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Editorial: Nepal’s investment climate myths

Editorial: Nepal’s investment climate myths

On April 28 and 29, Nepal is hosting the 3rd Nepal Investment Summit with the aim of attracting foreign investment for the country's major infrastructure projects. For a long time, there has been a widespread perception among the international community that Nepal presents numerous policy and bureaucratic hurdles for investment. However, this perception is only partially accurate, and there are many misunderstandings about Nepal's investment climate.

While the decade-long insurgency, followed by a prolonged transition period and ongoing political instability, undoubtedly created an unfavorable environment for international investors, these factors alone do not fully explain the lack of foreign direct investment in Nepal. One of the main arguments put forth by the diplomatic community is the lack of policy consistency in the country. However, if we look at the past 10 years, with the exception of a few development projects, there has been relative policy consistency in the country. When it comes to attracting foreign direct investment, there are no major policy disagreements among the major political parties. For instance, the government has issued ordinances to amend nine laws in line with the demands of international investors, and there is no disagreement among the major political parties on this matter. Regardless of whether the government is led by communist or other parties, all are seeking international investment, and there is no disagreement on this front.

Another argument often raised is the lack of political stability in Nepal. While it is true that there has been instability in the past, there has been a degree of political stability following the promulgation of a new constitution in 2015, as elections for all three tiers of government are now held every five years. There are no hostile political parties or groups actively obstructing or discouraging foreign direct investment in Nepal. Concerns raised by the international community, such as tightened labor laws or difficulties in exiting the market, have been substantially eased over the past few years. While issues of corruption and bureaucratic red tape still exist to some extent, there has been progress in addressing these challenges. It is also true that some foreign companies have taken undue advantage of Nepal's poor governance systems. Despite these challenges, Nepal remains an ideal destination for international investors due to its strategic location bordering the large markets of India and China, its youthful population and other factors.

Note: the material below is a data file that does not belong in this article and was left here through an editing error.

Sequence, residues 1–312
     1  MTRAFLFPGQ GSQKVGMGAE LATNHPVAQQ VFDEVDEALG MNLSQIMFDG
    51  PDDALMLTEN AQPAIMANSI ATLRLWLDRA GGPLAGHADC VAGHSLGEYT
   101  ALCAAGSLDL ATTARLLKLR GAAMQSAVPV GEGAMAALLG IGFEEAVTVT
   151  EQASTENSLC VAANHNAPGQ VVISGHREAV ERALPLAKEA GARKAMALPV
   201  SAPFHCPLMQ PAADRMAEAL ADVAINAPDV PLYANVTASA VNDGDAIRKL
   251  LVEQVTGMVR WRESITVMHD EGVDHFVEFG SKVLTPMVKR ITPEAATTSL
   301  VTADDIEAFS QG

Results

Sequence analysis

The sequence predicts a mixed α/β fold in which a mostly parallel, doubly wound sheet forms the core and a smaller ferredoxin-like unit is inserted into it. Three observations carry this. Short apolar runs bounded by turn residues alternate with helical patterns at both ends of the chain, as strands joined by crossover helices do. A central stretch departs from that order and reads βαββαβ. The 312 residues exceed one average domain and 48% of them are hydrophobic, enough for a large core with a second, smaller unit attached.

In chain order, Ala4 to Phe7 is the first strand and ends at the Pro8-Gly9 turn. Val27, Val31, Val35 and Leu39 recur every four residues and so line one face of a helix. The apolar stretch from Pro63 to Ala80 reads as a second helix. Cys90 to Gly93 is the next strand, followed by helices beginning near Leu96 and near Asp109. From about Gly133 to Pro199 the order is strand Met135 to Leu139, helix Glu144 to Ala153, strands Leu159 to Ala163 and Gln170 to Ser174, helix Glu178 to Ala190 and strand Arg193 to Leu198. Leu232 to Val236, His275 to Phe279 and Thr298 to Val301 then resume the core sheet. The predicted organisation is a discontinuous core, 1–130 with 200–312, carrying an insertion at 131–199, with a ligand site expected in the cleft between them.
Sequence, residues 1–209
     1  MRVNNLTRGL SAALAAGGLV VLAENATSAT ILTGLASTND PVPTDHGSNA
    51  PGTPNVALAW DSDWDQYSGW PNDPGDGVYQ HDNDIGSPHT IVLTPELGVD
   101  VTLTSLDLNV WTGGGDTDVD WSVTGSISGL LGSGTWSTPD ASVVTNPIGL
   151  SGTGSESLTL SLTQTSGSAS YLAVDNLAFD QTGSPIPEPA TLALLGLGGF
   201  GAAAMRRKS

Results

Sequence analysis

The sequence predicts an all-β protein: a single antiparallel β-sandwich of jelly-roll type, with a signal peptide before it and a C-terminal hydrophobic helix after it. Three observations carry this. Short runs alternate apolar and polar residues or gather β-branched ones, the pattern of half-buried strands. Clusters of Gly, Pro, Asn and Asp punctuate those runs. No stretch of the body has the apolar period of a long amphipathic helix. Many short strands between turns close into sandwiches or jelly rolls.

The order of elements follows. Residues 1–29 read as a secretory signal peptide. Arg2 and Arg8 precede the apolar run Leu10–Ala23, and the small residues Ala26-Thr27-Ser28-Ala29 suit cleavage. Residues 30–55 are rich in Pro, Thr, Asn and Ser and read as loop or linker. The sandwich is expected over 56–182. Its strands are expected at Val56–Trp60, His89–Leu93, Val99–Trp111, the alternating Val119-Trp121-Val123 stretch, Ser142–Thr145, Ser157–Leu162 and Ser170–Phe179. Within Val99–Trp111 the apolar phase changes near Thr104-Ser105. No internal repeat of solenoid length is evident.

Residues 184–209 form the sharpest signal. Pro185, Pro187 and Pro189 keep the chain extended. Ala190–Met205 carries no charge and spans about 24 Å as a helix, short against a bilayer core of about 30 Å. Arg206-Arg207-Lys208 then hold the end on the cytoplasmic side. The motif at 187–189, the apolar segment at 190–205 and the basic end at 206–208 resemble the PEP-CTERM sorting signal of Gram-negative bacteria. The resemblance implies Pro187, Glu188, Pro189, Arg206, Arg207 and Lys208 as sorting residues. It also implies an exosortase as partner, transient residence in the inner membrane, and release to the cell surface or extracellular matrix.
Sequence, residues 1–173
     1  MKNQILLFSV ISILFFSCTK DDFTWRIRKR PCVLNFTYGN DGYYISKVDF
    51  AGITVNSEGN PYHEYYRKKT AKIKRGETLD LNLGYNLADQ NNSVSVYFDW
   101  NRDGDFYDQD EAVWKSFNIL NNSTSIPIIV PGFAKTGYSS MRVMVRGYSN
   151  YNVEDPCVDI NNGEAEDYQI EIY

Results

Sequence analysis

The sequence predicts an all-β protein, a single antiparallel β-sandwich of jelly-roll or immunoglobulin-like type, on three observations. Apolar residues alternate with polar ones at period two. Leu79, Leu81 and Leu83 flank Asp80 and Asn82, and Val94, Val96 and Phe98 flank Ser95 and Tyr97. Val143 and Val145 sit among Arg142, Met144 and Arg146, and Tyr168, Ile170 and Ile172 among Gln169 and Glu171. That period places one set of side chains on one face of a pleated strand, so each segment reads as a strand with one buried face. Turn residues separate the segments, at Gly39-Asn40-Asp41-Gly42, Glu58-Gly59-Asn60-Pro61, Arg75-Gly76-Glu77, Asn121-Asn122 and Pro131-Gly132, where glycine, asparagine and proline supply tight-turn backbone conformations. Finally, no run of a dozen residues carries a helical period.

While Nepal may not achieve full political stability within the next 5-10 years, the current political situation does not pose any significant threats to the international investors.. There is an all-party consensus regarding the investment summit, with no prominent opposition voices raised against it. Therefore, international investors should not be overly influenced by narratives claiming an inappropriate environment for investments in Nepal. At the same time, the diplomatic community should be cautious about misleading their respective investors through flawed briefings about the political situation in Nepal. Despite some occasional street protests, Nepal has largely remained a peaceful country since signing the Comprehensive Peace Agreement in 2006.